Thursday, August 6, 2009
Power took a gamble -- and it's paying off
Last October, Will Power turned the biggest mistake of his racing career into his biggest break.
The 28-year-old native of Toowoomba, Australia, was running away at the front of an IndyCar Series exhibition race in Surfers Paradise, Australia, when he lost concentration and crashed.
Later that night, the crestfallen driver ran into Team Penske President Tim Cindric. It was a meeting that Cindric was unable to forget.
It also happened that Cindric was on the lookout for a driver to potentially substitute for Penske regular Helio Castroneves, who had just been indicted by the U.S. government for tax fraud.
Will Power won the pole for the IndyCar Series race July 25 in Edmonton, Alberta.
After briefly chatting with Power, Cindric knew he had found his man.
"I really didn't know him too well," Cindric recalled. "We were out that night and ran into him, and I asked him about [the crash]. He said, 'I made a mistake. I feel terrible, but that's what it was.' He was able to man up to the whole situation.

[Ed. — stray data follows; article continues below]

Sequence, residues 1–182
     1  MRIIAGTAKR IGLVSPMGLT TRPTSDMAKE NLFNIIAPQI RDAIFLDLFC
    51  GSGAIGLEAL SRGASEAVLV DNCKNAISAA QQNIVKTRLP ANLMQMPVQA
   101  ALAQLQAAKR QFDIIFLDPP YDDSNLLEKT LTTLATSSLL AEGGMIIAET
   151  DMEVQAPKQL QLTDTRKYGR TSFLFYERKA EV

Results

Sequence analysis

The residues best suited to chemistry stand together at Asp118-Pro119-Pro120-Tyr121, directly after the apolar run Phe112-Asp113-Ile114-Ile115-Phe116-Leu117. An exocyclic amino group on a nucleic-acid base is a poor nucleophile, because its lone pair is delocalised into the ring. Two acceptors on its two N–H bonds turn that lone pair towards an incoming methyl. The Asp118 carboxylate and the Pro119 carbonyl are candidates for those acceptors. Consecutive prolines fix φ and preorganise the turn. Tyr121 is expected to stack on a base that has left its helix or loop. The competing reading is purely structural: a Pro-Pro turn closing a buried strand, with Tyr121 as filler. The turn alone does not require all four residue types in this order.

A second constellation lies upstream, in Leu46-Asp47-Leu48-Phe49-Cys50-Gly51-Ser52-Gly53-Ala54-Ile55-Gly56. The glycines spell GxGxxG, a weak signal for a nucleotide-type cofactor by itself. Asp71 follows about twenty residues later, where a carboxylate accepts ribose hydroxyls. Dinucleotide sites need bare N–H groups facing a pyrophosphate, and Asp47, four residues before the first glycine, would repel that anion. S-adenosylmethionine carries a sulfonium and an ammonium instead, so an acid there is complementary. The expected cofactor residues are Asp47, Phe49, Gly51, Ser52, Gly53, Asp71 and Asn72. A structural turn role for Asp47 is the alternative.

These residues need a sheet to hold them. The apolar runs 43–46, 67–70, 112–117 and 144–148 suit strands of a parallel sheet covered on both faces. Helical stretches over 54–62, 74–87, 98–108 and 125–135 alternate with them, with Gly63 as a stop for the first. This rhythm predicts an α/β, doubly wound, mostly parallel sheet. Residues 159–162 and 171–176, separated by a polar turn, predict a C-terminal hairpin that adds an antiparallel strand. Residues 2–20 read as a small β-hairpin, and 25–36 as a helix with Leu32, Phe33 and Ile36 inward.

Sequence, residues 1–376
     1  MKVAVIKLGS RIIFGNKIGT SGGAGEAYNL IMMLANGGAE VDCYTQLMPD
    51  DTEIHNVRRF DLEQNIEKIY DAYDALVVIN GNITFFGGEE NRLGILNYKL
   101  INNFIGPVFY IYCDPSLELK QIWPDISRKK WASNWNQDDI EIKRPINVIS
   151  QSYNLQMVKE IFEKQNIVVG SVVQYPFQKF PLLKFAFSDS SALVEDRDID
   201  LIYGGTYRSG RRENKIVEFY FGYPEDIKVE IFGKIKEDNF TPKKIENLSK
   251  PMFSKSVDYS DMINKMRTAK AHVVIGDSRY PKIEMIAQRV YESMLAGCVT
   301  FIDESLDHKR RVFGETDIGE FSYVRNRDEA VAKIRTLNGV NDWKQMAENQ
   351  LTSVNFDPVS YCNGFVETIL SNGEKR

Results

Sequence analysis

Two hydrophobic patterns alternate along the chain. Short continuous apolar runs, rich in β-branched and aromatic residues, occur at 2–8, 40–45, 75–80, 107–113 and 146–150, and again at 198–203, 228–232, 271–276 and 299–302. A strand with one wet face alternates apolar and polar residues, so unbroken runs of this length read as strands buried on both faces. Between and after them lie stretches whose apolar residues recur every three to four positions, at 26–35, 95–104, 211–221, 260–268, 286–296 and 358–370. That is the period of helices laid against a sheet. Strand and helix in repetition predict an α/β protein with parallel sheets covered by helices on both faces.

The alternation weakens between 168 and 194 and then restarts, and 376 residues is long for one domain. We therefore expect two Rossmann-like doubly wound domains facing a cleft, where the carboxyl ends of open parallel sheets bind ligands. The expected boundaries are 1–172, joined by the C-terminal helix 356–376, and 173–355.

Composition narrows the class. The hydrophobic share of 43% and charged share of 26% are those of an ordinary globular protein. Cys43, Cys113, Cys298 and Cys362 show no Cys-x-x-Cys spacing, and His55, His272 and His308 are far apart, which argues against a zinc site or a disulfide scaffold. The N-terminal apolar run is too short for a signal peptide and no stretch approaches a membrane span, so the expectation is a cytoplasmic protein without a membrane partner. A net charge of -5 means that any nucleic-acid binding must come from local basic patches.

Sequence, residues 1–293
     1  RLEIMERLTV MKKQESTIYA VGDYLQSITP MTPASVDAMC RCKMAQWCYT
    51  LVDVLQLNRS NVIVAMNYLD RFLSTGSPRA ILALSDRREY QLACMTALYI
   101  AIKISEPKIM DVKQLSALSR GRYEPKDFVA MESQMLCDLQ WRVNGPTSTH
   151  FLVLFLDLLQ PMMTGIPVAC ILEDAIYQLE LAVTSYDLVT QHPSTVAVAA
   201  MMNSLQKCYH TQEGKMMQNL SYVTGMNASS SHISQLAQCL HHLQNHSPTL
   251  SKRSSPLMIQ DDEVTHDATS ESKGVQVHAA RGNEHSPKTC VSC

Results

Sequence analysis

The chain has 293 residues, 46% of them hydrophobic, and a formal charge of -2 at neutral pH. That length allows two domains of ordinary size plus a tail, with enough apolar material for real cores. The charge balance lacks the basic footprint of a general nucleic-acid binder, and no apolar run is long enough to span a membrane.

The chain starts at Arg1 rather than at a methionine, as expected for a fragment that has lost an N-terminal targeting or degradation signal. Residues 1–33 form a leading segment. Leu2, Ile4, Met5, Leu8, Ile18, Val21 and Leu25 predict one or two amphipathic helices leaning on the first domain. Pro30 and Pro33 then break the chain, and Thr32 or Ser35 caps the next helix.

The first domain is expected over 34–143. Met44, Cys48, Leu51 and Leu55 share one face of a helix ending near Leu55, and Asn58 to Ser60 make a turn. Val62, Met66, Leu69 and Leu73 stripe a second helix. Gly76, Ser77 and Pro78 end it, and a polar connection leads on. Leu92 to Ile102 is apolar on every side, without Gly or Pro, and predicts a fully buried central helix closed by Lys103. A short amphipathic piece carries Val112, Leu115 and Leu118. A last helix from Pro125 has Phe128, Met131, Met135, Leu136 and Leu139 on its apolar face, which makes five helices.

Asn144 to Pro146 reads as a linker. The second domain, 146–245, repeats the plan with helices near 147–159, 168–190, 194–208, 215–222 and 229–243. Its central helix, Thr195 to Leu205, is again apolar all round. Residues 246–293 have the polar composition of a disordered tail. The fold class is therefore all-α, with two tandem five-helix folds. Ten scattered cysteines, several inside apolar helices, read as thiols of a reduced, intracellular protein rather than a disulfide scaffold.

"I was impressed by the way he handled that. He's made that mistake now. You don't make those kind of mistakes more than once, usually."
As they talked further over the next few weeks, Cindric became even more convinced that Power had the right attitude for a job that offered plenty of potential, but little in the way of promises.
"It came down to his focus, determination, and you could tell that from an appreciation level and an opportunity level, this was a much bigger deal to him than it was for really anybody else we talked to,"